While not watching the Super Bowl last night, I watched White Light/Black Rain: The Destruction of Hiroshima and Nagasaki. It is a powerful documentary (currently available on HBO) that brings home the tragedy of these events, told mostly through the eyes of Japanese survivors. All were children who suffered through unspeakable horrors, yet as adults they are able (or perhaps compelled) to speak about them. As I listened to their stories, I was riveted by their collective dignity, grace, and character. The pathos was finely balanced with composure. But above all I was moved by their humanity, by the fact they are people.
This sense of humanity, the recognition that we are all alike and indeed related, was of course a primary target for government propagandists. The American government, for its part, combated this sense by characterizing the Japanese as “primitives.” While I’ve long known that American propaganda variously dehumanized Japanese as animals and automatons, I was surprised by the extent to which American propaganda relied on progressive discourse and its corresponding binary: primitive/civilized.
Watch the first few minutes of this well-known and widely-watched film featuring Secretary of War Stimson:
Let’s consider Stimson’s opening statement more closely:
“To beat the Japanese and do the job thoroughly, we have got to understand them thoroughly. The Japanese are not easy to know. I have lived among them for ten years and I can testify that they are as different from ourselves as any people on this planet. The real difference is in their minds. You cannot measure Japanese sense of logic by any western yardstick. Their weapons are modern, their thinking 2,000 years out of date.”
“Two thousand years” was of course carefully chosen. Stimson is appealing to Christians who believe that Jesus marked an epochal point in history, the pivot from which all progress toward modernity begins.
To emphasize this point, Stimson next explains — as if it were patently absurd — that the Japanese believe Emperor Hirohito is a god, the living embodiment and descendant of Amaterasu. Because this Japanese goddess first appears in the historical record around 700 AD, it is not entirely clear why Stimson characterizes these ideas as “primitive.” As a chronological matter, the Amaterasu concept is more recent or “modern” than the one surrounding a supposed human-god who lived and died 2,000 years ago. Given this historical fact, Stimson’s insistent use of the epithet “primitive” can mean only one ethnocentric thing: American (Christian) ideas are “advanced” and Japanese (Shinto) ideas are “primitive.”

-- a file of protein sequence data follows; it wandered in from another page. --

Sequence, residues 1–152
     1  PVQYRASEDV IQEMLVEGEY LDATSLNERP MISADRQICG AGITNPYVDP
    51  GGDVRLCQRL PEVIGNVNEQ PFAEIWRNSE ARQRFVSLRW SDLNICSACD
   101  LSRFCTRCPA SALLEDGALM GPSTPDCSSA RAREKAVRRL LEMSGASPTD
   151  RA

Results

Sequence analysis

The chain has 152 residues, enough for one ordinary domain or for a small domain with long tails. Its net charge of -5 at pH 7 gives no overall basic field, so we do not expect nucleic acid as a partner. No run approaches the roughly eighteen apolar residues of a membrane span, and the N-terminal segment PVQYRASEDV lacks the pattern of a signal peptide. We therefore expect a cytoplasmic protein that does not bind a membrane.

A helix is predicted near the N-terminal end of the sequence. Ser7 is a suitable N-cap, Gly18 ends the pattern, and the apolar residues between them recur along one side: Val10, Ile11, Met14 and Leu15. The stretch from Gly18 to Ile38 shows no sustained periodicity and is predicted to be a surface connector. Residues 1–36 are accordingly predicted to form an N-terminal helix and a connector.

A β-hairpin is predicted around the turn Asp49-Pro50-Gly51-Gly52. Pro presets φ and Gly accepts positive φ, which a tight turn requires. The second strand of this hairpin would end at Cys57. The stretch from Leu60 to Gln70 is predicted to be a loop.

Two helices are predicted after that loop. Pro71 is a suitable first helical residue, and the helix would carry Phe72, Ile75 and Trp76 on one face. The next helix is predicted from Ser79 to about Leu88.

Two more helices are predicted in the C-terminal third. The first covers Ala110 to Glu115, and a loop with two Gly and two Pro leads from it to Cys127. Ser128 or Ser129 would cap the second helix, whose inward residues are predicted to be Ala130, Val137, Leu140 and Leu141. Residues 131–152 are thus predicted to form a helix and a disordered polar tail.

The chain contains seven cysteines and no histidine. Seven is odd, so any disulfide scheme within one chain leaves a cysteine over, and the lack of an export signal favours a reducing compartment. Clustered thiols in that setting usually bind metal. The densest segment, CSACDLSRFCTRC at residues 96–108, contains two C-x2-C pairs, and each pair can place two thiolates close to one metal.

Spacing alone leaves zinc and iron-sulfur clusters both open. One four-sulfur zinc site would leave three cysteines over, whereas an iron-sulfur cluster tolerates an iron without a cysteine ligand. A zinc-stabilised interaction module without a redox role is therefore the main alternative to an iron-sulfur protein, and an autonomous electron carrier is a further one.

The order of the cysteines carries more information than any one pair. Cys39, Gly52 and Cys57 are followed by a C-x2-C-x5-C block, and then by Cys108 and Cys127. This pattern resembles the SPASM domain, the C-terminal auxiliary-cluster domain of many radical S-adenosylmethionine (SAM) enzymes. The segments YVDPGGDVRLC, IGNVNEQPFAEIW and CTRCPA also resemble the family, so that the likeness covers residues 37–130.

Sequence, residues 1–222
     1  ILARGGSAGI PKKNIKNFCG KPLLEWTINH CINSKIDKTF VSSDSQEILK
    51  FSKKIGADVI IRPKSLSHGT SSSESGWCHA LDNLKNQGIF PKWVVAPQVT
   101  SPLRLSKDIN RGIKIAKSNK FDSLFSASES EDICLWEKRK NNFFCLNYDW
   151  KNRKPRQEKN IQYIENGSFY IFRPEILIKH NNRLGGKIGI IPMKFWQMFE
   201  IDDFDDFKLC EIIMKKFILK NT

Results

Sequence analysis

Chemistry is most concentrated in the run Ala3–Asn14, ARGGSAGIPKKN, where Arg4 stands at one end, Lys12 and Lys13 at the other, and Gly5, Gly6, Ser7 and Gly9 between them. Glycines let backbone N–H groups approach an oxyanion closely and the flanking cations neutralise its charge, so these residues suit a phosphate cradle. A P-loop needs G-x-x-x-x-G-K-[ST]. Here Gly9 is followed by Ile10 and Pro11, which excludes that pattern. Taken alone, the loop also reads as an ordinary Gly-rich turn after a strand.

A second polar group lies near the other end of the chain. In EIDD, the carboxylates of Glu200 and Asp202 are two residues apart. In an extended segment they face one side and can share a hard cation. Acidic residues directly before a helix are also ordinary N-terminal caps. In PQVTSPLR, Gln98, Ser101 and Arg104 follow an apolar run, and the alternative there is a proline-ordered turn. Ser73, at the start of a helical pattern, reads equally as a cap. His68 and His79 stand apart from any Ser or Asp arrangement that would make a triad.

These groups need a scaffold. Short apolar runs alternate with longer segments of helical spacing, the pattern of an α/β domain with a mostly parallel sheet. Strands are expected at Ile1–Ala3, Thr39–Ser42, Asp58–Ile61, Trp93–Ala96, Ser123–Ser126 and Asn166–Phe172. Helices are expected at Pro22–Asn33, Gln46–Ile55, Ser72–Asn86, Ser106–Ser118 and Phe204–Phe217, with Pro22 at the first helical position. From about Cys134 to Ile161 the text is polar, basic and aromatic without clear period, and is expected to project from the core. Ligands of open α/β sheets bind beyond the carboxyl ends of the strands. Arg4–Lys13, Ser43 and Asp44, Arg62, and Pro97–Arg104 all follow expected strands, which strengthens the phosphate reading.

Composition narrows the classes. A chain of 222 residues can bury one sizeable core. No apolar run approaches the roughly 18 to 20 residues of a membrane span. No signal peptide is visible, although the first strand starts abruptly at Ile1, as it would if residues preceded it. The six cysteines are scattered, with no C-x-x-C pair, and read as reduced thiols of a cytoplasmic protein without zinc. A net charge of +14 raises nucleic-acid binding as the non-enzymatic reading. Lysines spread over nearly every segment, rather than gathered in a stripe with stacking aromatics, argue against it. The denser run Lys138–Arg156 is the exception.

Logical inconsistencies aside, it is ironic that Americans would rely so heavily on this kind of progressive discourse. The rapidly modernizing Meiji Japanese were obsessed with progress and the primitive/civilized binary. In one of those weird concatenations that make life so interesting, just this morning I read a book review that nicely captures these ideas:
The central trope of Miller’s history of the Tokyo zoo is “ecological modernity”, a concept developed by Arthur P. J. Mol and David A. Sonnenfeld, to capture the unstable binaries of animal–human, primitive–civilized and nature–culture that undergird modernity. Everywhere modernity saw itself as rising above nature, but nowhere was nature overcome. Ecological modernity was not a Western invention. It emerged in Japan before America’s black ships loomed in Uraga Harbor in 1853. Under the shogun, practitioners of natural history (honzōgaku) distanced nature as an object of specialized study while making its exploitation central to new regimes of political economy.
In 1822, the samurai chemist Udagawa Yōan’s Botany Sutra proposed a clear distinction between “animals” and “humans” as part of a new biological taxonomy. After America’s gunboats had forcibly opened Japan and precipitated an end to the Tokugawa shogunate, the new Meiji leaders rightly feared loss of economic and political autonomy. They struggled against the unequal trade treaties and extraterritoriality imposed by Western powers for more than three decades. As part of this struggle, they positioned the zoo (and other institutions) between themselves and the predatory West. The zoo opened in the Ueno district of Tokyo in 1882, “the first modern zoo in East Asia”, Miller notes, “and the first zoo in the world not built under the sway of a Western imperial regime.”
In choosing to collect animals, Japanese leaders resisted racial hierarchies that positioned Asians close to apes, but the zoo’s function, like ecological modernity itself, was never stable. As Japan extended its own colonial reach, the zoo moved from celebrating Japanese parity with the Westerners to celebrating Japanese empire.
The book in question is Ian Jared Miller’s The Nature of the Beasts: Empire and Exhibition at the Tokyo Imperial Zoo. Though I think a good argument can be made that ecological modernity — the objectification, subjugation, and exploitation of “nature” — is a primitive idea emanating from mythical Eden, this looks like a great book. Thanks to Julia Adeney Thomas for the fantastic review.